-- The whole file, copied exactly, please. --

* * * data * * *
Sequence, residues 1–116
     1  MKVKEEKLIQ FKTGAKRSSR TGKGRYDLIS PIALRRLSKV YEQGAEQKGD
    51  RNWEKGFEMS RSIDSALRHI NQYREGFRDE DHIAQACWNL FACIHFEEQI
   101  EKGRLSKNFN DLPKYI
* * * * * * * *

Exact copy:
Sequence, residues 1–116
     1  MKVKEEKLIQ FKTGAKRSSR TGKGRYDLIS PIALRRLSKV YEQGAEQKGD
    51  RNWEKGFEMS RSIDSALRHI NQYREGFRDE DHIAQACWNL FACIHFEEQI
   101  EKGRLSKNFN DLPKYI